However afraid you are that your lack of expertise will damage the tiny shape before you, and although you do inevitably go wrong, there is, reassuringly, almost always a way to put things right. There’s glue and sawdust, or a revised shape, to take in the mistake. As in DW Winnicott’s notion of “good enough” parenting, wood forgives.
Remembering that made it endearing to see, at the Ashmolean, that Strads also have their tiny visible imperfections: wonky sound holes, lopsided scrolls. So do many other prized instruments made in the 17th and 18th centuries in Cremona, Stradivari’s home town—whose fame as Europe’s centre for luthiers began with the Amati family. There’s even a theory that these are what makes their sound so exquisite. Franco Zanini, a scientist at the Elettra Synchrotron Light Laboratory in Italy suggested in 2012 that the asymmetries, patches and imbalances in thickness, revealed by examining a Cremonese violin with high-energy light beams, might have helped get rid of the harsh, unwanted harmonics that make a note sound unpleasant—which, he said, occur more in a perfectly symmetrical instrument such as those made in factories today. His view was that the Cremonese makers might have made their mistakes on purpose, for the sake of a better sound.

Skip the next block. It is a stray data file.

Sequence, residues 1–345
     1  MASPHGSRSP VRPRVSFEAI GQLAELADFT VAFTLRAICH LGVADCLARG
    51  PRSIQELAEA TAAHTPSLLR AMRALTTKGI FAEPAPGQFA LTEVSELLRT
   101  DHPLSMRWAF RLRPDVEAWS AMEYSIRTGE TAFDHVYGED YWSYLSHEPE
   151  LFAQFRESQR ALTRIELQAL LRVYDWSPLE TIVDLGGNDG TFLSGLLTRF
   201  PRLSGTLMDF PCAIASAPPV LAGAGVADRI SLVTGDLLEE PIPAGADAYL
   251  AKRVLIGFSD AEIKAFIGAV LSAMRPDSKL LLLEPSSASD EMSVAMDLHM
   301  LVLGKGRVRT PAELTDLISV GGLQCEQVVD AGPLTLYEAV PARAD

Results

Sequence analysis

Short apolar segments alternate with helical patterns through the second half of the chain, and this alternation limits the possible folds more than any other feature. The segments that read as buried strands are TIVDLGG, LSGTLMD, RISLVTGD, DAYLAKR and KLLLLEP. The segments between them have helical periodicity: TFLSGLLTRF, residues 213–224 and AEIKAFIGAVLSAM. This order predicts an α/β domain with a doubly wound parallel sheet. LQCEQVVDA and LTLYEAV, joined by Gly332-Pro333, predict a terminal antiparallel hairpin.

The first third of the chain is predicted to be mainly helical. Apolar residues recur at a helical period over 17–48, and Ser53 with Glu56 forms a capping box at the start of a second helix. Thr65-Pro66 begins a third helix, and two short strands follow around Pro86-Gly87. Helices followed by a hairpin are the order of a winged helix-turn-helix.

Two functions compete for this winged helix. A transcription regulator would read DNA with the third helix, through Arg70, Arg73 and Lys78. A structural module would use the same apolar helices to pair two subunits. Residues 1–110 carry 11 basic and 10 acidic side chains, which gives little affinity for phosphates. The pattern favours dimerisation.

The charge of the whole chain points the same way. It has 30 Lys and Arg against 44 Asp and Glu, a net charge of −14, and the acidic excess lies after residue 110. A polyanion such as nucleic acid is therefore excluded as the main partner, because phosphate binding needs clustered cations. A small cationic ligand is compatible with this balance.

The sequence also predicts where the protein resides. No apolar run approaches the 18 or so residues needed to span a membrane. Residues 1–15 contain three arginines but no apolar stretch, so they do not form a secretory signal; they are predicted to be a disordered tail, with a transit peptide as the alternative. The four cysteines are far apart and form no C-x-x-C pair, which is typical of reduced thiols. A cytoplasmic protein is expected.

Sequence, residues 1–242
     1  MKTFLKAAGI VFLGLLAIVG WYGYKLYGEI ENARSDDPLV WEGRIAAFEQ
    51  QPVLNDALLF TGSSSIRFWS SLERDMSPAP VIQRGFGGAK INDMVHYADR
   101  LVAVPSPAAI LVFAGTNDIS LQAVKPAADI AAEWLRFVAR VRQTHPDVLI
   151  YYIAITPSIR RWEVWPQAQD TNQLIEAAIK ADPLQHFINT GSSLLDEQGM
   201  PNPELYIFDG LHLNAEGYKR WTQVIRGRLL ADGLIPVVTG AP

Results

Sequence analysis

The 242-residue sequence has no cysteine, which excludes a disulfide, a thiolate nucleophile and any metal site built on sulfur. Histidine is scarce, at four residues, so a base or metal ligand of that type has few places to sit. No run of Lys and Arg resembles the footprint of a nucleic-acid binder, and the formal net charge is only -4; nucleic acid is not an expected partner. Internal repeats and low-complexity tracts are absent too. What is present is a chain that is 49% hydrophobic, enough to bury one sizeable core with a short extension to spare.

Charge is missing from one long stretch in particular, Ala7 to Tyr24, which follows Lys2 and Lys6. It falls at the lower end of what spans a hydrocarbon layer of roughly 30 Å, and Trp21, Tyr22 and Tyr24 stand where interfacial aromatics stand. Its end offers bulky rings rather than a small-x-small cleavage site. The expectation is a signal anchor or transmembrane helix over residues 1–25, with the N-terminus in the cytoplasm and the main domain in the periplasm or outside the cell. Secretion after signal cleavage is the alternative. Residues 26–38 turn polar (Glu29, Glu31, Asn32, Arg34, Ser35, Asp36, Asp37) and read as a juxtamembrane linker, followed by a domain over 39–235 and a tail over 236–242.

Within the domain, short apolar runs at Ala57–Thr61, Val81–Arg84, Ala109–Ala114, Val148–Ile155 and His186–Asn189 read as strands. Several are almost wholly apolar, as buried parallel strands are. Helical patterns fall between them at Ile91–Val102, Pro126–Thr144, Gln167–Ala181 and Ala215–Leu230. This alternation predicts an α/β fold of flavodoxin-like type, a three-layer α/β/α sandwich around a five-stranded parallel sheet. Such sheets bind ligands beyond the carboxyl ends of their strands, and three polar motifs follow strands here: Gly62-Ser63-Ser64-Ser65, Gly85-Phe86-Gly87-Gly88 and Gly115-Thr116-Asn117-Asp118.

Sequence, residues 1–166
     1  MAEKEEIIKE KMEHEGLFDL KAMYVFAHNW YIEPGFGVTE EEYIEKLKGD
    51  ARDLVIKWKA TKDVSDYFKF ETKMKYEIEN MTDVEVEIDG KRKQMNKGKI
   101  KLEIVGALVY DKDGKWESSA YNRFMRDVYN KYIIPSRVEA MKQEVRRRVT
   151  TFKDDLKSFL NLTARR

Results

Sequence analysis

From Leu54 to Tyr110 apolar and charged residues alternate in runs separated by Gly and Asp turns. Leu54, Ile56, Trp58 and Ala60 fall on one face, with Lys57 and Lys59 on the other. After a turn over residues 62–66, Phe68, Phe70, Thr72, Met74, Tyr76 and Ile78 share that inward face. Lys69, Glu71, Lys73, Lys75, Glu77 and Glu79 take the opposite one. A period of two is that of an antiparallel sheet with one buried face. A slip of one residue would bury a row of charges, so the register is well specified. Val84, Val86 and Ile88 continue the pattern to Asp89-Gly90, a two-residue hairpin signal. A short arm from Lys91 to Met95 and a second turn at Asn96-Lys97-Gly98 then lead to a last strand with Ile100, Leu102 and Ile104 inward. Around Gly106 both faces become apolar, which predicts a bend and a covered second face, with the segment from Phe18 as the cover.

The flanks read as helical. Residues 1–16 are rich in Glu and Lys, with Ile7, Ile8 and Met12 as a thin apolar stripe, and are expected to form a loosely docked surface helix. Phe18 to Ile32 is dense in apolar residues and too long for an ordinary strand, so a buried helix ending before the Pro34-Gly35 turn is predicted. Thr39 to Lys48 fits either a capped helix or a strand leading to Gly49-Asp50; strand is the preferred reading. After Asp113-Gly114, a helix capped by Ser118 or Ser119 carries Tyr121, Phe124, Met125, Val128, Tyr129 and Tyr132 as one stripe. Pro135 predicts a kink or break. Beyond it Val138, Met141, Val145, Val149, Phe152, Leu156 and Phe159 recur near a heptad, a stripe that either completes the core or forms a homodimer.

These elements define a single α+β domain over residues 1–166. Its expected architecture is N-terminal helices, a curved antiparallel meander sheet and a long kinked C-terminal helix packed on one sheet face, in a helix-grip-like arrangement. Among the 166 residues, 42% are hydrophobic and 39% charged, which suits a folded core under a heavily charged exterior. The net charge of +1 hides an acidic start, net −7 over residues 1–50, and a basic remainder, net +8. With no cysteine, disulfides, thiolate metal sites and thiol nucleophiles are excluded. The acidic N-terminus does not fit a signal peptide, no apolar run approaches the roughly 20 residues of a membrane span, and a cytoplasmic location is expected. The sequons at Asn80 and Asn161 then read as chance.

There have been many other modern attempts to find technical reasons for the greatness of Strads. Do they resonate differently because of a Little Ice Age that slowed down the growth of the wood Stradivari was using, or because the wood had been soaked in seawater and hardened? Or was there a secret ingredient in the varnish—crushed amber, fruit sugar, volcanic ash? But no science has yet explained the magic.